First eggs of the 2013 season!! Pictured above are the first kestrel eggs I have seen this year. I decided that starting today I had to make another swing through and check the inside of every single box in my project, regardless of what I THOUGHT was going on with any one particular box. I have been "missing in action" for the last three days because I had to attend an artists' fair where I was displaying/selling my bird photography. Most readers of this blog are probably not aware that in addition to being a kestrel researcher I am also a professional bird photographer (www.onthewingbirdphotography.com)
Sooooooo......what price did I pay for taking three days off from nestbox monitoring? How about the first 9 boxes I checked yesterday (Monday) had starlings in them! All of those boxes were starling free on Friday. By Monday they all had starling nest material in them with two of them actually having starling eggs in them to boot. On my rounds today I also discovered that I have been guilty in the last couple of weeks of making a real rookie mistake. I had four boxes where, for the last 10 days or so, I have regularly seen pairs pf kestrels either on or around the boxes. At these particular boxes, there has been absolutely no outward evidence of starlings using them. As I said earlier, there are certain times during any kestrel season where it is imperative to actually go up into each and every box in my project to accurately assess what is going on. When I did so today, I discovered starling nests, some with multiple eggs, in every single one of those four boxes. I had mistakenly assumed that the kestrels had "adopted" the box (therefore no need to check any further) when, in fact, the kestrels had either been migrants who were using the boxes as hunting platforms or were birds interested in adopting the box, but discouraged from doing so because of the starling presence at them. Not once in the last 5 or 6 visits had I detected any outward signs of starling activity. The kestrels have now left all those boxes and I can probably chalk those boxes up as failures for this year. The window for new birds moving is rapidly closing. NEVER assume anything when working with kestrels.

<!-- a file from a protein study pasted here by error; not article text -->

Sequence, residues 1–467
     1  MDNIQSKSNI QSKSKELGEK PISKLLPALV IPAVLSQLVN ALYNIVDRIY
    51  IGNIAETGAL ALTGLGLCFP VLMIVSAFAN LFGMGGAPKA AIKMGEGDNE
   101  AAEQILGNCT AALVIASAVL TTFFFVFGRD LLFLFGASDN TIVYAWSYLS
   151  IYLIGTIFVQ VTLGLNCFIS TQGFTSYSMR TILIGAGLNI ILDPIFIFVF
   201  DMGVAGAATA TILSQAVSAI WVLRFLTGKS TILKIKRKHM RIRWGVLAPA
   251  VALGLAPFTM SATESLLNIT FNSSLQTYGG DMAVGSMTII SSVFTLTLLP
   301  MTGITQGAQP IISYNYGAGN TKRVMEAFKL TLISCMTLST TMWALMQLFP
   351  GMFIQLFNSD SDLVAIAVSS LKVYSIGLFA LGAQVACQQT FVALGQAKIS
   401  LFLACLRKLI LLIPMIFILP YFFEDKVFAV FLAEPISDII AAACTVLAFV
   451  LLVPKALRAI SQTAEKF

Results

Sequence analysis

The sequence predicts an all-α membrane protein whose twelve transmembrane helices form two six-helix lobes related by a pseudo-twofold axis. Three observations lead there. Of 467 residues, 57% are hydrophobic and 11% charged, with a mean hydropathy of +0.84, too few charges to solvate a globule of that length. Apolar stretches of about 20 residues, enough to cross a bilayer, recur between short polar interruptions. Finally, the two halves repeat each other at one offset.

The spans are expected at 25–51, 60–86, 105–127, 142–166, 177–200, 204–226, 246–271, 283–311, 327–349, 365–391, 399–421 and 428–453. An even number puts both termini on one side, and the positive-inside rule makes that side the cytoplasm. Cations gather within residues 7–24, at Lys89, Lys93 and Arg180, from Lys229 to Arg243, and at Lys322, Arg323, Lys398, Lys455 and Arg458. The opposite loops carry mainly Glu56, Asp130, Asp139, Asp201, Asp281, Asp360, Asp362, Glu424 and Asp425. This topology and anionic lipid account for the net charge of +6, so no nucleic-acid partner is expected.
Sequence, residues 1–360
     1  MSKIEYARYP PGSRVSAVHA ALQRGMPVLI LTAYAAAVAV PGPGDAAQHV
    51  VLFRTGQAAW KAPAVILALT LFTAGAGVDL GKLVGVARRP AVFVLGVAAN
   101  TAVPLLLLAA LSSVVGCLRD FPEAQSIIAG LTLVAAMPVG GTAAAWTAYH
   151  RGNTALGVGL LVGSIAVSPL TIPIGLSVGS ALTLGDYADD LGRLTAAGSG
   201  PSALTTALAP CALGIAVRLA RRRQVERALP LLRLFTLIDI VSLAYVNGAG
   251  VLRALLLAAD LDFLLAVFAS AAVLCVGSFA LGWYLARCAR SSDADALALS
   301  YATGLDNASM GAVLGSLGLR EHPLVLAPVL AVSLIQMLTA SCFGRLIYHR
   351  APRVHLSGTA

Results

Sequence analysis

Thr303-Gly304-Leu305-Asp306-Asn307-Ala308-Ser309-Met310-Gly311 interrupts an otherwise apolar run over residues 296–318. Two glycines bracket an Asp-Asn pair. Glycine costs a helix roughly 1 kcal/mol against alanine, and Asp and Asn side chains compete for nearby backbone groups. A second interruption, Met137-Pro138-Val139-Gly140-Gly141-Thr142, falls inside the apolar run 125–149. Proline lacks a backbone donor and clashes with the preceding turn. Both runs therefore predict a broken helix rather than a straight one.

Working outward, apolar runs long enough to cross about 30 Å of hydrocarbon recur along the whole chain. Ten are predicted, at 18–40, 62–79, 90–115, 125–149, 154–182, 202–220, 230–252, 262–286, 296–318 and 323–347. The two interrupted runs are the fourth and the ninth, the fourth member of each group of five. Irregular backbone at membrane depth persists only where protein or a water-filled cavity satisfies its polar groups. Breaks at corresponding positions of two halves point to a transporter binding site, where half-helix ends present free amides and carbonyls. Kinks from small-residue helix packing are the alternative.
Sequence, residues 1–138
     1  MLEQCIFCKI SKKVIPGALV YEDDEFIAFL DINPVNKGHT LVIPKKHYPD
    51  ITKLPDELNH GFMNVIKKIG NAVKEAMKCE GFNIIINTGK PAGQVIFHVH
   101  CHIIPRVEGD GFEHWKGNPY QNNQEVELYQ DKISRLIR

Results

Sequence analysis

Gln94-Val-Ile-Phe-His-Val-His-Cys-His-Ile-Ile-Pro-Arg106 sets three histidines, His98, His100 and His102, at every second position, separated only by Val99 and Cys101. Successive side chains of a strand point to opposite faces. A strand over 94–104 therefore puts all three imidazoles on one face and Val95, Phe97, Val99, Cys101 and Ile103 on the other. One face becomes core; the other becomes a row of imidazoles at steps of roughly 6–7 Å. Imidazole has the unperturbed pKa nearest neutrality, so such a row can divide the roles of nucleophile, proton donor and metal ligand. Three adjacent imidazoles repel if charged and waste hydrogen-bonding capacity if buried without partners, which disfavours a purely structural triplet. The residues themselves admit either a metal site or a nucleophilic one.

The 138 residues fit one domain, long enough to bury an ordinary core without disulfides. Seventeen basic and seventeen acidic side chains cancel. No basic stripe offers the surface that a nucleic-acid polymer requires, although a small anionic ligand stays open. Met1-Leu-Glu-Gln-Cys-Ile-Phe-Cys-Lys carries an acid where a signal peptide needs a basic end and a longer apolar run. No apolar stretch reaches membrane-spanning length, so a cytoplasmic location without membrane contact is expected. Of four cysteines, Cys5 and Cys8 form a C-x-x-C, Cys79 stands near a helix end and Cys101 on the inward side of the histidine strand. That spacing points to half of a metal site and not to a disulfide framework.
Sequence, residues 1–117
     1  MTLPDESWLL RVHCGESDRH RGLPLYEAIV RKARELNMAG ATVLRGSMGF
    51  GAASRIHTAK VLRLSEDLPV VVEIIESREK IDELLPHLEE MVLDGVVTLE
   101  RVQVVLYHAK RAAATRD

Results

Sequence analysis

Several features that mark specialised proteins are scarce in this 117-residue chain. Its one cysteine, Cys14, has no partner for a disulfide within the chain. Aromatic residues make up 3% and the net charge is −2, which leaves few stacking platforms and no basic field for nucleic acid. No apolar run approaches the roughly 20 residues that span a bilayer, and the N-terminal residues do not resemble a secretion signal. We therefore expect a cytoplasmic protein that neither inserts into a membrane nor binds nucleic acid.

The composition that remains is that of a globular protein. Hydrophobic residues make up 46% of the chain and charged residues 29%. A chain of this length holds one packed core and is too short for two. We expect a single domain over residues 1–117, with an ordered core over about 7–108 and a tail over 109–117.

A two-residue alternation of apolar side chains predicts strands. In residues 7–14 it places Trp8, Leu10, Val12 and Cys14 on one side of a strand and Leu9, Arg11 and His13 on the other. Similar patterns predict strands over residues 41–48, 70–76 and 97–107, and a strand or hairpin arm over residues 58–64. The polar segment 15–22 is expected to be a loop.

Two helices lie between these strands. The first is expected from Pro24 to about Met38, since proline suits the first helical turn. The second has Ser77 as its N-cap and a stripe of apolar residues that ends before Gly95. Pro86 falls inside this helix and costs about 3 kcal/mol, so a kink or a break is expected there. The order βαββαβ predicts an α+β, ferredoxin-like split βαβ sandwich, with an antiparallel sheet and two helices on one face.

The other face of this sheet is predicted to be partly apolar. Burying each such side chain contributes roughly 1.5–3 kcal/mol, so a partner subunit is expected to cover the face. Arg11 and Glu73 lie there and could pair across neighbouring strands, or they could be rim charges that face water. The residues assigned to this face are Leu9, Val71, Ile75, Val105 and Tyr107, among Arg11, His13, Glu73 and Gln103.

On a brighter note, of the 31 boxes I checked today, five had eggs (one with 5 eggs in it) and many more showed positive signs of imminent egg laying. I hesitate to give actual numbers at this point. Very soon I will be revising my previous estimate of active boxes downward by quite a bit. Many previously active boxes now appear to have been abandoned, but this is a very tricky part of the season to figure out, so we'll have to wait and see.
More on this tomorrow. I've got lots of data entry that I have to get to before I fall asleep at this keyboard.